We’ve always imagined Horatio Pagani to have but one philosophy, and that’s to make some of the most groundbreaking and hair-raising cars the roads have ever seen. Who could forget the legendary Zonda. The mid-engined sports car launched just before the new millennium and had startling performance for its time. We’re talking acceleration to 100kph in 4.2 seconds with its 6.0-litre Mercedes-Benz V12 engine. You couldn’t not love that car, it looked like nothing you’ve ever seen and it sounded and performed with an unrivalled charm.
After promising a brand new car again and again for the last few years, the Italian firm finally made true their word in 2012. It was called the Huayra — named after Huayra-tata, a South American God of Wind — so you have an inkling of how fast this machine will go. Have you ever seen a Huayra on the roads? No? You must’ve certainly missed it then. Mated with a twin-turbo V12 engine made specially by Mercedes-AMG, the 6.0-litre M158 engine produces a godly 730 horses and 1,100Nm of torque. Top speed is around 383kph, and zero to 100kph is at 2.8 seconds. Give it a pair of wings and it will take off.
However, the guys at the Italian marque couldn’t resist a little tinker around with the Huayra, and so now we have an evolved version called the Huayra BC. More hardcore and focused, the road-legal hypercar is named after Pagani’s first ever Zonda customer, Benny Caiola. On the manufacturer’s landing site for the car sits Horacio Pagani’s message to the late customer and close friend: “Dear Benny, I dedicate the Huayra BC to you, from my heart.”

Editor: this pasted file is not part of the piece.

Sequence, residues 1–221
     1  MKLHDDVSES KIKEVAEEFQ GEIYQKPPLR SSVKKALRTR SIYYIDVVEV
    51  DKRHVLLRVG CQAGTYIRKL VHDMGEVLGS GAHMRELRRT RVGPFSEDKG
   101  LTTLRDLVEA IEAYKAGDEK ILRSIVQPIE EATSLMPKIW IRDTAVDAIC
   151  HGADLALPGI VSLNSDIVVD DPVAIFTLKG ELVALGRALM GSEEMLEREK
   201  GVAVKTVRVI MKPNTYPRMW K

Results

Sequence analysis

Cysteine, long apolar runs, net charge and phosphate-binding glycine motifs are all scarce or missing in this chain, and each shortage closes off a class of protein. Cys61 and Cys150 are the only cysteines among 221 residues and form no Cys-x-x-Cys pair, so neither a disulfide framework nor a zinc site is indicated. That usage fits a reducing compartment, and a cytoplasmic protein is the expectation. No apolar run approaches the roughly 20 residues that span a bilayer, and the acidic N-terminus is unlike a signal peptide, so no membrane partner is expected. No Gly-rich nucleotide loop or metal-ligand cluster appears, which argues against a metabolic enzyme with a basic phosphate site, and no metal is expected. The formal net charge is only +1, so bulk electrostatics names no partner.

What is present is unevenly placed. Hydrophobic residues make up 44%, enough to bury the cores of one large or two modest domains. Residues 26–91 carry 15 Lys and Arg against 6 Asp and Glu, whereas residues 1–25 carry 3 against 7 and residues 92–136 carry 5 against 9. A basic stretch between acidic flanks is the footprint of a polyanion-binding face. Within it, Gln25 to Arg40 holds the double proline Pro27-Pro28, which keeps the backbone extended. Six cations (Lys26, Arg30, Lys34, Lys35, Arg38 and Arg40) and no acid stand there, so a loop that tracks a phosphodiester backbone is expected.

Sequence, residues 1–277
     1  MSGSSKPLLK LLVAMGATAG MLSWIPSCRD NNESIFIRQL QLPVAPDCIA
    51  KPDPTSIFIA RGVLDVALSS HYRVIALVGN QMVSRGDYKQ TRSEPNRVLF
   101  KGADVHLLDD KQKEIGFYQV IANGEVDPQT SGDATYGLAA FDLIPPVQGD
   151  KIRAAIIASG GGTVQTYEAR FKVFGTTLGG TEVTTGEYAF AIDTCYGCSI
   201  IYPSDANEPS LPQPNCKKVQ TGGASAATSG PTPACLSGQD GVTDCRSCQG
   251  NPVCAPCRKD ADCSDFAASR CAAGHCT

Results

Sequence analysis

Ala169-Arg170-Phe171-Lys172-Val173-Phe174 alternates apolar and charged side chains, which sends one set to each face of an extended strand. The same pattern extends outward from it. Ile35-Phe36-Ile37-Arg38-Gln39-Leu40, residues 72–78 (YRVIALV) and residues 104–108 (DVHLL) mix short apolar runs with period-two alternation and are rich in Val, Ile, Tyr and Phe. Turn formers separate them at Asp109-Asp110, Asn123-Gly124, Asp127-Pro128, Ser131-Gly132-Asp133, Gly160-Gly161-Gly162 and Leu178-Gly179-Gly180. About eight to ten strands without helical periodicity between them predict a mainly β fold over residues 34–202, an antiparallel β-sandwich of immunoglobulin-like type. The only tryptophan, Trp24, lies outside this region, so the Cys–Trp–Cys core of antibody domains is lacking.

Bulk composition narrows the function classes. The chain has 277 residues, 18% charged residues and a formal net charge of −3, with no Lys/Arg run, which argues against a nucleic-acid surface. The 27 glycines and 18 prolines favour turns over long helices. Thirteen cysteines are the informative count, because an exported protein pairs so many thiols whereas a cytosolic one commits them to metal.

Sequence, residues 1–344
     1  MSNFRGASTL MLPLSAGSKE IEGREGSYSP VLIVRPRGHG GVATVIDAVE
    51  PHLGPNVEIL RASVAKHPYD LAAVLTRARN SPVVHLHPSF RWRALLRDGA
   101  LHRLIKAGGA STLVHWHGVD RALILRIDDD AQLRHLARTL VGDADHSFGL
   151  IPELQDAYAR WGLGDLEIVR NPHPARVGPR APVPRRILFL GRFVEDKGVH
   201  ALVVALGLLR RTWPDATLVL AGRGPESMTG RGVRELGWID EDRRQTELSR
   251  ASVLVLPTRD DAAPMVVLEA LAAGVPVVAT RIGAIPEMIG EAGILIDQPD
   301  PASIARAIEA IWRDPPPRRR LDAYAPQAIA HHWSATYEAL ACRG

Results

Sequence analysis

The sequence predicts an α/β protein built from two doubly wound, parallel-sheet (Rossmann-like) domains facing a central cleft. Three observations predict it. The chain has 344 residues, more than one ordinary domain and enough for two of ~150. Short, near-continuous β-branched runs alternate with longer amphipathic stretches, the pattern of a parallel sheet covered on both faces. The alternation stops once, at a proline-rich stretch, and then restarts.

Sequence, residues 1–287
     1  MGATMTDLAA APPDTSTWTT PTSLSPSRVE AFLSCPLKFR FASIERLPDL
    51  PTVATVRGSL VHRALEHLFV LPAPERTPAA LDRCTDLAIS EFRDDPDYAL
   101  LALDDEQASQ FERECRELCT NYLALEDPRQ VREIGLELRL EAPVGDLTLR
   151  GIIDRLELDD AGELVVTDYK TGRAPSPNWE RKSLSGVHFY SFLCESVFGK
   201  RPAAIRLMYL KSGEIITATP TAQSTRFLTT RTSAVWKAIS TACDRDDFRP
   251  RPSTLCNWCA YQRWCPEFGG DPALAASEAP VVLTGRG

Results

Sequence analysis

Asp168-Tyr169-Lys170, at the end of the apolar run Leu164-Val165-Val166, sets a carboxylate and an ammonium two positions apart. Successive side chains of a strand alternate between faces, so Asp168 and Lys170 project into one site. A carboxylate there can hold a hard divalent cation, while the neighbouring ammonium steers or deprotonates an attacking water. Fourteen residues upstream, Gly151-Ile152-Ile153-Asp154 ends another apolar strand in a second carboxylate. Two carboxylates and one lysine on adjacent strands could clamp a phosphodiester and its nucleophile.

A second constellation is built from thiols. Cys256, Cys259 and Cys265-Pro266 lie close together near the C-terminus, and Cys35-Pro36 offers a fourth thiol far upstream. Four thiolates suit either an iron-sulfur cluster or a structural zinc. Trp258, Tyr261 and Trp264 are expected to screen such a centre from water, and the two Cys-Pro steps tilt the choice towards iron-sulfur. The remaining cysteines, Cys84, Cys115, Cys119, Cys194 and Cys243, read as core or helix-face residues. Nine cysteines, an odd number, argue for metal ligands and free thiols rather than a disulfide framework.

But don’t let the heartfelt note fool you; Pagani has somehow managed even more savagery from the Huayra. With the same V12 AMG-made engine as its namesake, the BC version now produces 789hp. Its dry weight has been reduced to 1,218kg after shedding 132kg thanks to Carbotanium, a patented carbon-fibre and titanium composite material that the manufacturer claims is 50 percent lighter and 20 percent stronger — your S$3.7 million car will be less likely to smash to smithereens if you crash.
As with all Pagani models, the Huayra BC gets the Pirelli treatment too, specifically the more aggressive-looking P Zero Corsa tires which are fully capable of taking on both tracks and roads. Other updates include a new electronic rear differential, and a titanium exhaust that is 6.8kg lighter than the old Huayra.
Outside, the only thing the BC model inherited from the regular Huayra is the roof panel. A big wing at the back, splitter in front and new body panels help maximise downforce. Even its interior is performance-driven. Trimmed in black anthracite, the inside has a grippy microsuede upholstery that extends to even the steering wheel, and the regular handbrake is replaced by an electronic one to save even more weight.
Pagani has something little supercar manufacturers these days have, and that is soul and innocence. Rather than commercialise via teddy bears, key rings and polo shirts, the brand has chosen to focus on making cars that are worthy of both the tracks and bedroom walls, and you can feel it every time you’re behind the wheel. Only 20 lucky drivers will know what that feels like though, because the Huayra BC will be another one of Pagani’s limited edition cars.